I never thought I would be taking a 10-year-old to a Martin Scorsese movie. Do not get me wrong. I am a devoted Scorsese fan who usually attends his movies on opening days. However his films usually deal with adult themes not appropriate for a child: “Taxi Driver,” “Raging Bull,” “The Departed,” “Casino,” “Goodfellas.” Plus, Scorsese’s films can be really violent. So what was I doing taking my 10 year old nephew, Jack, to the Ziegfeld Theatre last Friday to see Scorsese’s latest movie “Hugo?” Well, for one thing, Jack was already a step ahead of me having actually read the book on which the movie is based, “The Invention of Hugo Cabret,” by Brian Selznick.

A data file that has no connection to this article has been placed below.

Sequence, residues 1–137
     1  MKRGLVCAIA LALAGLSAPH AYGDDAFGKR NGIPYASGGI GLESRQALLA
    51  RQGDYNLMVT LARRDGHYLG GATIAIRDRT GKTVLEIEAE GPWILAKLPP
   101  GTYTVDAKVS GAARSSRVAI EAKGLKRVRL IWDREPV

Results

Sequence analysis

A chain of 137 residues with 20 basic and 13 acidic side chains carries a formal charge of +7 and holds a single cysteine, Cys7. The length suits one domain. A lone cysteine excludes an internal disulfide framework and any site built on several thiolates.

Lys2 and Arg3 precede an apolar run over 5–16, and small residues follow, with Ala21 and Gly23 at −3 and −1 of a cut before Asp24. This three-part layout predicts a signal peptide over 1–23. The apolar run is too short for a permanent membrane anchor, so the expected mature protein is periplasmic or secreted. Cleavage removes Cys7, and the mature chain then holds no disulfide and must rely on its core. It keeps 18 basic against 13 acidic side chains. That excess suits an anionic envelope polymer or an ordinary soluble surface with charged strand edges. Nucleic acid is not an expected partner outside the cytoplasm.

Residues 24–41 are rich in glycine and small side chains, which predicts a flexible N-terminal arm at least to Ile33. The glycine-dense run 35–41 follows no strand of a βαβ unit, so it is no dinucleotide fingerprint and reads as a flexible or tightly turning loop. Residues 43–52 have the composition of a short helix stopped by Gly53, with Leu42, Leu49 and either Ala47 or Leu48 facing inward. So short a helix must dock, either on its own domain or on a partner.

In this day and age of dumb movies for kids, such as “Happy Feet 2” (in IMAX 3-D no less) and “Jack and Jill,” featuring Adam Sandler in a dress, how great that Scorsese has made a film for children (and adults) that is exciting, smart, does not talk down to them and respects their intelligence. As if this is not enough, “Hugo” is a visually stunning and magical film that deals with complex themes about the role of the artist. The story involves a mystery, the investigation of which provides the audience with a brief education on the early days of cinema. All this and it is in 3-D too. Read the rest of this entry